Tori Amos on Creating “Caves of Freedom”

Tori Amos on Creating “Caves of Freedom”

Tori Amos’ newest record, Native Invader, is — to put it perhaps too simply — a doozy. A rumination on family, politics, the environment and love, the record is careening, lovely look at what it’s like to make art now.

“You do need to get to a place of neutrality in order, for me anyway, to write,” Amos told TIDAL. “Whatever I’m feeling, the songwriter has to step in and be vicious but fair, because then you have to start building — you need to build a structure. Yes, you’re being driven by an emotion, but then you also have to sculpt it.”

The clay Amos had to sculpt from for Native Invader sprung from two monumental life events: a stroke that rendered her mother, Maryellen Amos, nearly mute — and the 2016 U.S. Presidential election.

“When you step in a place of focus, it’s almost a reprieve from the emotion, because it’s a discipline,” Amos says of the process of creating art from such fearsome subject matter. “You feel like the muses come and go. It’s almost as if they take lunch breaks. Long lunch breaks, sometimes.”

The muses showed up in droves on Native Invader, however, wearing the masks of family (Amos’ mother and daughter, Tash, who sings on “Up the Creek”), Russian composers (in “Russia”), evil and love.

TIDAL had the chance to sit down with Amos and go deep on a few of Native Invader’s tracks. Read on to see what she had to say about what happened when the muses came back from lunch.

On “Mary’s Eyes”… [My mother] Mary had a severe stroke in January; she had not been well, but her mind had been sharper than mine right before it. I happened to be at the beach house at the time, which is in Florida — not far from her, but not close enough. It happened at home. My dad was there. We rushed to the hospital when he called and then that began that journey.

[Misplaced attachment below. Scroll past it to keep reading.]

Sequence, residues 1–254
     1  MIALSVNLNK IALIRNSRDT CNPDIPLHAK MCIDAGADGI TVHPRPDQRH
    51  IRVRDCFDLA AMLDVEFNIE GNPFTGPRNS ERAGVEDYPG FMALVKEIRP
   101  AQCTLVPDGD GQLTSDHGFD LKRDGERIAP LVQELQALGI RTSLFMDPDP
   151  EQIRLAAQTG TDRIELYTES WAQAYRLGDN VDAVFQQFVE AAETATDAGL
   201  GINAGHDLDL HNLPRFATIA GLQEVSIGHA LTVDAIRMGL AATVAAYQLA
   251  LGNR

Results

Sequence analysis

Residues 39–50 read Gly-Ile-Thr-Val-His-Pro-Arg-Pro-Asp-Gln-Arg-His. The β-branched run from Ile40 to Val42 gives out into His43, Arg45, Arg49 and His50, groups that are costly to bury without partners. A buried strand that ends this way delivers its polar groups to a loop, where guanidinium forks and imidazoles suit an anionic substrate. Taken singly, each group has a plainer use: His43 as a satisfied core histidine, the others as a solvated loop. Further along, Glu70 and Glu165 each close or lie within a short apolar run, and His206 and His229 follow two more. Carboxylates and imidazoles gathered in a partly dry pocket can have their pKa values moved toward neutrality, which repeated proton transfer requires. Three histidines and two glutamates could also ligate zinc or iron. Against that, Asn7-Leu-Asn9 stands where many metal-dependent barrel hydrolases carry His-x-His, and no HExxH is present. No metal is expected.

She’s now home with full-time care — and the ladies are spiritual ladies and they adore her, but she’s paralyzed on the right side and she can’t speak. When you sing hymns or things that are there in her memory, she will try to form the words with you, but without music she has an almost impossible time forming a word that is understandable. So in a way she’s trapped and I know it frustrates her.

But she’s still fighting; she’s wanting to stay on the planet. Therefore, all of us are fighting with her. And that’s been really humbling and inspirational. All these very different emotions — to see her not wanting to leave — because there is distress there. You can see there are times when she’s in distress, and then there are times that you can see that she’s not. So that song is very much inspired by that.

Within many months before that, my spirit brother [author] Neil Gaiman sent me a message that a woman in Scotland who is a dead midwife had a message and that was that: while she’s helping people to cross over to the other side, sometimes it’s more difficult than others. During this one crossover session — I think someone in hospice — he wasn’t quite ready to surrender to going and seemed to be very agitated. She sang one of my songs from years and years and years ago and that was the moment that he crossed over to the other side and she wanted to share that with me.

But what really spoke to me was the idea of a death midwife. In [Gaiman’s] Sandman comics, death is one of the sisters, so I felt like I needed to bring [one of Gaiman’s characters called] the Dream King — he’s been in a few songs [like ‘Tear in Your Hand”] over the years — into this story.

On “The Chocolate Song”… In a relationship, isn’t it funny how — when it’s working — being in the kitchen is heaven, isn’t it? You don’t need one of these amazing trips. You don’t need all the glamour. You can just be together in the kitchen making something simple, like a dessert. Or anything. When things are good. But then when it becomes combative…it’s unattainable sometimes, because the two of you can’t bring yourselves to do something so simple yet magical when you’re in conflict. It’s such an intimate thing, making something together. You have to really like that person. I mean, you can be in love with somebody and hate them, but it’s really hard to hate and like at the same time. So that song is really about a relationship — a state of it and where it is.

On “Up the Creek”… As the song was developing, people were sending me messages — sometimes through other people, sometimes stopping me. I was doing a lot of traveling; I was in the States a lot. [People] would talk to me about, ‘Do you understand what’s going on?’ And I’d say, ‘Probably not. Tell me.’